One sonnet, number 69 of her love-sonnet sequence Pamphilia to Amphilanthus, has verbal similarities to Jonson's 'To the World'. The sequence is particularly concerned at this stage with the effects of jealousy and suspicion, both directed at and felt by the speaker, in the context of a Court romance that must be kept quiet.(7)

An end, fond jealousy: alas, I know Thy hiddenest and thy most secret art; Thou canst no new invention frame, but part I have already seen, and felt with woe.

All thy dissemblings which by reigned show Won my belief, while truth did rule my heart, I, with glad mind embraced, and deemed my smart The spring of joy, whose streams with bliss should flow.

I thought excuses had been reasons true, And that no falsehood could of thee ensue, So soon belief in honest minds is wrought;

But now I find thy flattery and skill, Which idly made me to observe thy will: Thus is my learning by my bondage bought.


I quote (with added italics) merely the more obviously relevant parts of Jonson's well-known poem:(8)

False world, good night. Since thou hast brought That hour upon my morn of age, Henceforth I quit thee from my thought . . .


I know thy forms are studied arts, Try subtle ways be narrow straits . . .


I know . . .


Yes, threaten, do. Alas, I fear As little as I hope from thee; I know thou canst nor show nor bear More hatred than thou hast to me. My tender, first, and simple years Thou didst abuse, and then betray; Since stirredst up jealousies and fears, When all the causes were away. Then in a soil hast planted me Where breathe the basest of thy fools, Where envious arts professed be . . .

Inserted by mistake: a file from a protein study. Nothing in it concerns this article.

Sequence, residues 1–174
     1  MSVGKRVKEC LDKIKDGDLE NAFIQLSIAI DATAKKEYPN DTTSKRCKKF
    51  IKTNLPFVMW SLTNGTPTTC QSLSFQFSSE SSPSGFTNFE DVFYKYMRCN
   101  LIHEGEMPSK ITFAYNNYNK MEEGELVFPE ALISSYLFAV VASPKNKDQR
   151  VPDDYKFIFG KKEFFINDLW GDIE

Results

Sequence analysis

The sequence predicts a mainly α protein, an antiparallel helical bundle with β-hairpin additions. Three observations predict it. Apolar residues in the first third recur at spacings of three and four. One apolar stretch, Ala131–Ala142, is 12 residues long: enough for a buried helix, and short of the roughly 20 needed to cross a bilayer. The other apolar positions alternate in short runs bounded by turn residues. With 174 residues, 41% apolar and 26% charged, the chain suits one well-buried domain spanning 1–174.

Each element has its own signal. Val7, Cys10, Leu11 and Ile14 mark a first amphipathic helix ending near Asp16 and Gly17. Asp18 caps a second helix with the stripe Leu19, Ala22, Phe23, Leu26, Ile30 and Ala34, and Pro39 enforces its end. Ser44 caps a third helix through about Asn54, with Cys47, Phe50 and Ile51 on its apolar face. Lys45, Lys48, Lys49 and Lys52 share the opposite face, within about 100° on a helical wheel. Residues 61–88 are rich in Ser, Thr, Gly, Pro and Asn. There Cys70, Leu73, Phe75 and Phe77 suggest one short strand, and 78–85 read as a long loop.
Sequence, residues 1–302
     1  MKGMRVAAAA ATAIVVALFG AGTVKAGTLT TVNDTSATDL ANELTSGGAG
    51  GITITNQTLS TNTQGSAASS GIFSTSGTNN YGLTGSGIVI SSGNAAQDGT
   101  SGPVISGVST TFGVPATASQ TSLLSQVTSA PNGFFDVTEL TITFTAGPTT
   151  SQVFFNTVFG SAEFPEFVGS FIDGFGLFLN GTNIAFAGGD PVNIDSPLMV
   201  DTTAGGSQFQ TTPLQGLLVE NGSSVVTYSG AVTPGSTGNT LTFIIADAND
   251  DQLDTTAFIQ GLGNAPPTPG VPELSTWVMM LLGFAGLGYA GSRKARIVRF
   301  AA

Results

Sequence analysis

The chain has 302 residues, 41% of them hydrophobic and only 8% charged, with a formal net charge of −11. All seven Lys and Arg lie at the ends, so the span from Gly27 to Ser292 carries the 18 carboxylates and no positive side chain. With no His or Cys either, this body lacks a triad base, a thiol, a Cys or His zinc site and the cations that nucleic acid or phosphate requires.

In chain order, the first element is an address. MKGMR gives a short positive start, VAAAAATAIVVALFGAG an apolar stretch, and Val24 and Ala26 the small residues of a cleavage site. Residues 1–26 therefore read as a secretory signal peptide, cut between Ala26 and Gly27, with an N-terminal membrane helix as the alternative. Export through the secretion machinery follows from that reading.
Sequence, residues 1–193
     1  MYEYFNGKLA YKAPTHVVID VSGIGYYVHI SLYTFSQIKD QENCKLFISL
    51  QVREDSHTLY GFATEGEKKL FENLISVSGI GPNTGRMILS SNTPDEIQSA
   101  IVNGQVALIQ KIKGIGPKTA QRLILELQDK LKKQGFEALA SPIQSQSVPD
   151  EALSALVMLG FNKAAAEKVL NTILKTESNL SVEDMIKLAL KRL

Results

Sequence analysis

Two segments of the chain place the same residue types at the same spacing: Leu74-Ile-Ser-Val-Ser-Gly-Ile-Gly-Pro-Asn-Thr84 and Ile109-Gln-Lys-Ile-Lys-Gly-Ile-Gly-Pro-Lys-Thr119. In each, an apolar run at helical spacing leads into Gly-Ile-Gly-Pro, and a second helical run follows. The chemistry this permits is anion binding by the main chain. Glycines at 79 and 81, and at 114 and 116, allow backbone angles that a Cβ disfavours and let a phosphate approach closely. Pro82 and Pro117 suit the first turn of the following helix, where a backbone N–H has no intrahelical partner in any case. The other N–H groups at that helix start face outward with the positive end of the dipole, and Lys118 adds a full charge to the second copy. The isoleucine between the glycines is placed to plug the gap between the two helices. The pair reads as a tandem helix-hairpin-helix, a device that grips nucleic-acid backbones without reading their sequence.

There do seem to be similarities: the initial abrupt dismissal, 'alas I know / alas I fear', the emphasis on knowing the power of the deceptive arts and how they 'can no more', the theme of jealousy and falsehood, the malign influence of the suspicious court. One question is, who is remembering whom?

In other sonnets, Lady Mary does indeed echo other writers, notably her uncle and her father, Sir Philip and Sir Robert Sidney, but the verbal echoes are much stronger; here, the power of Jonson's language and thought surely would have had a more obvious effect (as did Cynthia's Revels on another poem(9)). On the other hand, there is evidence that her poems were circulating in manuscript by 1613, at least, if not earlier;(10) Jonson acknowledges writing out her sonnets, the poem follows one on her husband and precedes one to Celia. The date of her affair with Pembroke is not certain, but the emotional relationship at least provided material for sonnets by 1613; Wroth himself, described by Jonson in Conversations as 'a jealous husband',(11) died in 1614, which gives a terminus ad quem for the poem to him. That poem remarks how the household provides musical and poetic entertainment, presided over by his 'noblest spouse' (the adjective taken up in 'To the World'). The song 'To Celia', curiously placed next, dates back to 1605, evoking the scene in Volpone of the attempted adulterous seduction of a 'virtuous gentlewoman'. In 'To the World', lines 25-32, where the lady talks of having escaped from a cage or trap and not intending to return, Jonson echoes Horace's Satire II.vii.68-71 warning against the dangers of 'the habituating effect of adultery';(12) one wonders what brought that passage to Jonson's mind.